Summer camp for soil-building hens
Chickens do a fantastic job of building soil quickly with little labor input on the part of their humans. They constantly scratch, peck, and poop, turning raw organic matter into excellent soil in a short period of time. While mobile chicken pens, or “tractors,” work well for certain applications, to establish high quality planting areas quickly I recommend the Camp Chickapoo model: a semi-stationary pen and run combo.
Excited to try chicken tractors on the farm, my son and I built one with the intention of moving it daily to improve soil and establish planting areas, while simultaneously providing the hens with the excitement and nutrition of fresh ground. We used a plan for a typical 4' by 8' chicken tractor from a YouTuber who explained each step fully, and provided a handy material list. While I was very happy with the outcome of the build, I learned several lessons once the tractor was in use.
It was recommended that 8 to 10 hens could be comfortably housed in a pen of this size as long as it was moved daily. Once the tractors were in action, I judged this number to be too high. Though the tractors were moved on healthy turf with a wide variety of grass and forbs, the hens quickly became bored and paced the perimeter of the pen, eyeing the ground just out of reach. It was obvious they weren't happy, so I began moving them twice a day. This added to my workload but didn't remedy the problem.
I decided to modify the system to give the hens access to more ground and allow them greater freedom to exercise their chicken instincts. Two rolls of 4' by 100' non-climb horse fence and a few dozen sucker rods did the trick: the fencing was placed in a rough circle with the tractor inside, and rods were woven through about every 15 feet and pounded into the ground. The fence rolls were joined at one seam, and a gate placed at the other.
The result is a generous area for scratching, foraging, and aimless wandering. The chickens are released into the enclosure each morning and return to the tractor each night. No daily moving is required, but the whole set up can be moved to fresh ground when necessary. Hens spend the warm season at Camp Chickapoo creating the perfect planting spot, and live in their snug room in the barn for the winter months.
Similar designs use electrified poultry netting which, along with the tractor, is moved on a regular basis. Numerous encounters with electric fences when I was a child turned me against the stuff. Adult me reasons against the electrified option due to the greater initial outlay, the maintenance required to keep weeds down, and the difference in life expectancy of electric versus horse fence. The rigid metal fencing used in the Camp Chickapoo model will last indefinitely and has numerous other applications should I decide to dismantle the Camp. I don't like gadgetry or reliance on technology and through experience I've developed resistance to the enthusiastic endorsements of those who do. I acknowledge that extreme predator pressure might make electric the best option in some cases.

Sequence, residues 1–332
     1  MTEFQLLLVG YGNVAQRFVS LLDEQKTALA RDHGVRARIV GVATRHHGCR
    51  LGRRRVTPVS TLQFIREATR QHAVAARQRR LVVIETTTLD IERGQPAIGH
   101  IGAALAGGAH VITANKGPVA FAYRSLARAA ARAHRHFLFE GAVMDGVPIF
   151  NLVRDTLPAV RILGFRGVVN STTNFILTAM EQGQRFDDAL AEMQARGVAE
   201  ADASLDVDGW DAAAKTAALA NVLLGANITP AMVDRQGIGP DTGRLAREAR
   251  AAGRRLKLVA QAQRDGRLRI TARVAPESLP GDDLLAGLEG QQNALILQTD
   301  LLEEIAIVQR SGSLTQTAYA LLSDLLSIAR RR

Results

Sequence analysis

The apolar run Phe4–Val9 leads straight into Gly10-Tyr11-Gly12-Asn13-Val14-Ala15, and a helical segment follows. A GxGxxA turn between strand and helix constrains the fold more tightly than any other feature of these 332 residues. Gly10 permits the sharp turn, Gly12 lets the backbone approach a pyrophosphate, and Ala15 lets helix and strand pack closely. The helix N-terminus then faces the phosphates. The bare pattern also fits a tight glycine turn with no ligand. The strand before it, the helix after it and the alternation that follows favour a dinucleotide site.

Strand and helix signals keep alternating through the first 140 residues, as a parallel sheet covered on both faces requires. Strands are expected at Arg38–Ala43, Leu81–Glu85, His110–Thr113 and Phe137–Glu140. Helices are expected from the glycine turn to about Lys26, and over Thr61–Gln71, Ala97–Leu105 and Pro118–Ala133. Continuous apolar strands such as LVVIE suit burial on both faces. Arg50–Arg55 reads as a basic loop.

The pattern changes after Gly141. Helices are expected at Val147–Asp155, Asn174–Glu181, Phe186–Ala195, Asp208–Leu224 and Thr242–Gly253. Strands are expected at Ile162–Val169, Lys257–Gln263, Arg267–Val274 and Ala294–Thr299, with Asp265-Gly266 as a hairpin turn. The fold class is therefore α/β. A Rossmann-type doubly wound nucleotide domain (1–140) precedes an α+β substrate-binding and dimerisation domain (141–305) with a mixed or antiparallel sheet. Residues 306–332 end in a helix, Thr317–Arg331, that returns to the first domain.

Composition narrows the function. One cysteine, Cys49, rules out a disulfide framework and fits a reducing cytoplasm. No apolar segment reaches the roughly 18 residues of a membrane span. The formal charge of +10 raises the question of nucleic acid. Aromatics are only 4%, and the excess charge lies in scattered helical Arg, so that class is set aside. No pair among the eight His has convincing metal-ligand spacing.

The Camp’s design is perfect for those with lots of manure to process. During the warm months when the chickens inhabit Camp Chickapoo, most of the manure from stall clean-outs is dumped over the fence for them. Leaves, wood chips, grass clippings, garden veggies past their prime, and weeds are also tossed in. The chickens do most of the the work: I make a couple trips a day to open and close the pen, check feed and water, and collect eggs.
Though I'd already witnessed chicken's capacity for scratching, I was impressed by the speed at which the hens tore through the raw organic matter. The system works best with large amounts of manure are added often, but the usefulness of weeds should not be underestimated for those with large, overgrown gardens like mine. Straw and waste hay are also invaluable if you have a free or low-cost source. If you don't have lots of material to add, this method will be difficult as the hens will quickly create a bare and overly nitrogenous moonscape.
Access to shade and cover are extremely important, since the chickens spend the hottest months at Camp Chickapoo. A large hazelnut shrub and an apple tree are inside the Camp. A fast growing banana plant has proven very popular among the hens for a dust bath area. It is cut down in fall, but quickly grows large enough to provide extensive shade by the time the hot weather comes on in summer.
The Camp currently occupies a chunk of the orchard on slightly sloping land with heavy clay soil. Most of the apple trees planted here 20 years ago are moderately healthy and produce in good years, but would have benefited greatly from the preparation the hens are providing. I've added two fruit trees inside the camp and expect great things from them. I plan to keep the Camp in the orchard, moving it here and there to improve soil around existing trees mainly, but the set up would be perfect for establishing vegetable gardens. For those not wanting or unable to move this set up, two permanent camps could be established with chickens and a veggie plot alternating between them each year. There are no doubt countless ways the system could be modified to fit individual needs. For creative folk, the possibilities are legion.
Sounds great. We used a similar approach with exactly this sort of fencing, to create some of this year's garden space, after moving a few years of horse manure off the area--no chickens but similar approach to temporary fencing. The horrendous heat this summer played havoc with our gardening however, here in SW Idaho.